Louis Braille yearned to read the classics, but he had limited access
to great literature as a blind youth in 19th century France.

This is what braille looks like to the sight-abled.

Hence, Louis became an inventor at the ripe old age of fifteen. He drew upon a military language called ecriture nocturne, a.k.a. "night writing."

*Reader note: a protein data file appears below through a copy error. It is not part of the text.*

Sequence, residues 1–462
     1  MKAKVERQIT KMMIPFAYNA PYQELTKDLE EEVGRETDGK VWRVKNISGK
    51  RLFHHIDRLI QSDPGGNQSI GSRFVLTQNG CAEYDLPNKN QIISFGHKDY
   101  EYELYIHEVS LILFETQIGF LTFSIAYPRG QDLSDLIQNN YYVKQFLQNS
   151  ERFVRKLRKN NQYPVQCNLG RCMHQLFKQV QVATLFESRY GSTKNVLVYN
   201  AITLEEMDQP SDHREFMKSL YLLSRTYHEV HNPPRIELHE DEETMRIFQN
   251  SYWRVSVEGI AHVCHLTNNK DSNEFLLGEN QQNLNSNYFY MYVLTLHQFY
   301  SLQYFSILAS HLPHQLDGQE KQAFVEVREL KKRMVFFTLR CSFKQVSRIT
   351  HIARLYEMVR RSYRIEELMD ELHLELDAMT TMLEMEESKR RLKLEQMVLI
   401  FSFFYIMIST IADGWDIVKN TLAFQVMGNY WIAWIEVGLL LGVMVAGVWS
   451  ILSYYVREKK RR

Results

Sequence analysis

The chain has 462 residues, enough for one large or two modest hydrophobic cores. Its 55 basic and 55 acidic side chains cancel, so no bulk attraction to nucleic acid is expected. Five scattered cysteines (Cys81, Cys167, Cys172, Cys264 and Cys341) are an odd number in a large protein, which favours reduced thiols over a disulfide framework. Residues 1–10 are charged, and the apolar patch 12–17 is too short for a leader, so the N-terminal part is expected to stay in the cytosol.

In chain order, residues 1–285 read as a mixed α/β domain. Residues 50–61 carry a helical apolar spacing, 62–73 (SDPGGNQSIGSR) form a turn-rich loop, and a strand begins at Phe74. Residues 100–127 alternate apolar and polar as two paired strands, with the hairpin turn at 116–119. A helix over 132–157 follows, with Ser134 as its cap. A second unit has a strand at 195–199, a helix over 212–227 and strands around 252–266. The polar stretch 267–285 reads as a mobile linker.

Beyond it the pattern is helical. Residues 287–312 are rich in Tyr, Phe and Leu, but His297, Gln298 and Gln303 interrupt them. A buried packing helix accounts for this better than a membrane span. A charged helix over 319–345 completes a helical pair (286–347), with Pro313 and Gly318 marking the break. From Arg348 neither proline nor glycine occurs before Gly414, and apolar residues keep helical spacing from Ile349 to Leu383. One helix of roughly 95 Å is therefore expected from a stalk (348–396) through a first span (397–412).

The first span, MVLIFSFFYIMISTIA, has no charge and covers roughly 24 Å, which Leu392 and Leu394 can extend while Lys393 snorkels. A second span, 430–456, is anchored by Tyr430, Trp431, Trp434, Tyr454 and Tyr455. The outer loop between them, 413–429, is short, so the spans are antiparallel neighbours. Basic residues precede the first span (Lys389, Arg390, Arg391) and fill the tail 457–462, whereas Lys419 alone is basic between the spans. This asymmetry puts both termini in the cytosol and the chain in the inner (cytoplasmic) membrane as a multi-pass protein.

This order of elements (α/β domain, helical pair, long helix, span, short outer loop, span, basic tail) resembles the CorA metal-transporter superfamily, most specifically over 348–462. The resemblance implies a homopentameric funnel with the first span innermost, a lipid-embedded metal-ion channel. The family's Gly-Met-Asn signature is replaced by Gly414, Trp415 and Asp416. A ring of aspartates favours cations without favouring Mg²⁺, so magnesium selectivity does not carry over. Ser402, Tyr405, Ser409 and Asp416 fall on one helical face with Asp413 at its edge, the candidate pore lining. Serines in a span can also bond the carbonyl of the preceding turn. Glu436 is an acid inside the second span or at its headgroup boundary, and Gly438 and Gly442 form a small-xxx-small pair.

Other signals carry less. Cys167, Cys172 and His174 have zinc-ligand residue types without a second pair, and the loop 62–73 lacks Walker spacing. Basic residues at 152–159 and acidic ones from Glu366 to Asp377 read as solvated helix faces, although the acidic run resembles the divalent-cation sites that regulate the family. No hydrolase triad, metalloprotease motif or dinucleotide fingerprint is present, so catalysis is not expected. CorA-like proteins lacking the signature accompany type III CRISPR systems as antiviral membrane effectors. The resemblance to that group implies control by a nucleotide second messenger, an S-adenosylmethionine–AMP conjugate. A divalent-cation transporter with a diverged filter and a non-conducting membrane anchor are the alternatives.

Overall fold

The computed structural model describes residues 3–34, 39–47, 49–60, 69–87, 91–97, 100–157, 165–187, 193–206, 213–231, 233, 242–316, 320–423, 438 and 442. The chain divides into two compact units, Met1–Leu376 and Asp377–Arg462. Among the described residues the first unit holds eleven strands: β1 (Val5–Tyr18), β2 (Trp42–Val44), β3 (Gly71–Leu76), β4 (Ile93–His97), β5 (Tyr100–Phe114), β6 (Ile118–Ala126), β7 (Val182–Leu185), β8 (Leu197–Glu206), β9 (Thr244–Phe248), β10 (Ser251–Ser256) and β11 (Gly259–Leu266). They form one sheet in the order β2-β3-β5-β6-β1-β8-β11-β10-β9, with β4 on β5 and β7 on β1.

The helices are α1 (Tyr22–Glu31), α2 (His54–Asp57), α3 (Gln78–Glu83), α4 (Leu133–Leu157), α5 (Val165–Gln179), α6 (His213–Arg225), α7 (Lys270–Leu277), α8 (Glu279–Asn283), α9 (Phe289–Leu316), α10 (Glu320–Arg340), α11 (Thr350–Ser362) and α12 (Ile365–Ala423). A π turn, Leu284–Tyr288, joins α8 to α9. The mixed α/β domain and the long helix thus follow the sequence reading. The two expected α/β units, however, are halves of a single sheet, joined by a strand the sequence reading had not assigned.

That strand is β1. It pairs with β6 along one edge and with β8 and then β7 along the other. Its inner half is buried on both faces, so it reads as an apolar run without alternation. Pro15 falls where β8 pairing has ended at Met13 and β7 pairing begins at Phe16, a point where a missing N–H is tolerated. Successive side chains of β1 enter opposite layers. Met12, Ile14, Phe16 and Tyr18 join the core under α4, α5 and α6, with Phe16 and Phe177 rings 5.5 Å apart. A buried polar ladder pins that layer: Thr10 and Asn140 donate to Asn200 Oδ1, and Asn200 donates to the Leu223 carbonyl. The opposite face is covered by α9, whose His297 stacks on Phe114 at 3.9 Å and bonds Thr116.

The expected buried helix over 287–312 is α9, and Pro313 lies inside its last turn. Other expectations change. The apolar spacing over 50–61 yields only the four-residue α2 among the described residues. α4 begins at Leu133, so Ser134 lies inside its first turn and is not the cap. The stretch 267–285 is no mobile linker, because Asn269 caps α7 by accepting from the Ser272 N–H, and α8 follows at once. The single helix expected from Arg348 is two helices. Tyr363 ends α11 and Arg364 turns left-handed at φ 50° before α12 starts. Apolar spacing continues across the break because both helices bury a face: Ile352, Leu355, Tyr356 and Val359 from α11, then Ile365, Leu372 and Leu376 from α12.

Soldiers often used this system of tactile dots to send and read messages on the battlefield — no need for lights, no danger of giving away your position to the enemy. Pioneered by Charles Barbier, ecriture nocturne was the jumping off point for Louis Braille's linguistic work. After years of diligence, Braille developed what we now recognize as the international language for the visually impaired.